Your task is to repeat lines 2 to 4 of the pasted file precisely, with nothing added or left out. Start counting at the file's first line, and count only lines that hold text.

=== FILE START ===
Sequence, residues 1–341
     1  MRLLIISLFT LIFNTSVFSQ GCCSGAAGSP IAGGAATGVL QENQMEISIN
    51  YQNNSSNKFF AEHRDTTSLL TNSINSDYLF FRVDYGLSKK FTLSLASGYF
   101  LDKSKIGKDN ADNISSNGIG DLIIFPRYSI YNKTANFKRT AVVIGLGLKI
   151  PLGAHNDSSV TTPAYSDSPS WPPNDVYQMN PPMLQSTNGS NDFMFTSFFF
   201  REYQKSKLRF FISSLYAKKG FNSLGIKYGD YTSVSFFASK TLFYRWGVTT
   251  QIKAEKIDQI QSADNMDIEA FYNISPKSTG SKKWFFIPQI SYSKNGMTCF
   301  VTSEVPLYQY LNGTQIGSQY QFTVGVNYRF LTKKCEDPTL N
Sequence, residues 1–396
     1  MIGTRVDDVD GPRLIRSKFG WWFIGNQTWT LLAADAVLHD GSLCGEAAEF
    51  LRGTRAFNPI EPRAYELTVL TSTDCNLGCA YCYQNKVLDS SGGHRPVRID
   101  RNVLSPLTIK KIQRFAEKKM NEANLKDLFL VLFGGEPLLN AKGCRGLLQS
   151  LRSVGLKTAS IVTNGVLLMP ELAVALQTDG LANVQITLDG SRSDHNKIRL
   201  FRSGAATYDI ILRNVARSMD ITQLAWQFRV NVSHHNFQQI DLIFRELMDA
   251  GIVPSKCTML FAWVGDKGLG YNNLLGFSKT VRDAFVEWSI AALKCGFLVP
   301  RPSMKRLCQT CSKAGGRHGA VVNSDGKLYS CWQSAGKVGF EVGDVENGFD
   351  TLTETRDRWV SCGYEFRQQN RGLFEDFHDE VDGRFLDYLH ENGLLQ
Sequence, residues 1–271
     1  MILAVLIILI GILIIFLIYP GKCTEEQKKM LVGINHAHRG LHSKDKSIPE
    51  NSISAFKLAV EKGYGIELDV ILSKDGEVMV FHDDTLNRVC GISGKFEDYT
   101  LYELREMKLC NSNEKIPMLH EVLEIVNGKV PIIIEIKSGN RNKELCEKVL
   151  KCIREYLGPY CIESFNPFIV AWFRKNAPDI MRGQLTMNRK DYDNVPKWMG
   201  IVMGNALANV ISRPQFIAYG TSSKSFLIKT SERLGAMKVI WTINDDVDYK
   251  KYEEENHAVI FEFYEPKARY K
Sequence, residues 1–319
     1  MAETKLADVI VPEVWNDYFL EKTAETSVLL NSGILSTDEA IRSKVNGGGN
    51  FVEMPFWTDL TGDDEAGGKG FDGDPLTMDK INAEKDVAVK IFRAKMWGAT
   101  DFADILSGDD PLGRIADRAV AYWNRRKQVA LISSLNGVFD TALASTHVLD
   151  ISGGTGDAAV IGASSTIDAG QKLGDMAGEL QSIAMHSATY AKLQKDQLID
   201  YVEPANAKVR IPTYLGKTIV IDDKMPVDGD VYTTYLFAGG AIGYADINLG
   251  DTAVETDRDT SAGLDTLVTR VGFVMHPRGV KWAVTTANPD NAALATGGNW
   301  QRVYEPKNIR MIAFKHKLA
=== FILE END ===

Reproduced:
     1  MRLLIISLFT LIFNTSVFSQ GCCSGAAGSP IAGGAATGVL QENQMEISIN
    51  YQNNSSNKFF AEHRDTTSLL TNSINSDYLF FRVDYGLSKK FTLSLASGYF
   101  LDKSKIGKDN ADNISSNGIG DLIIFPRYSI YNKTANFKRT AVVIGLGLKI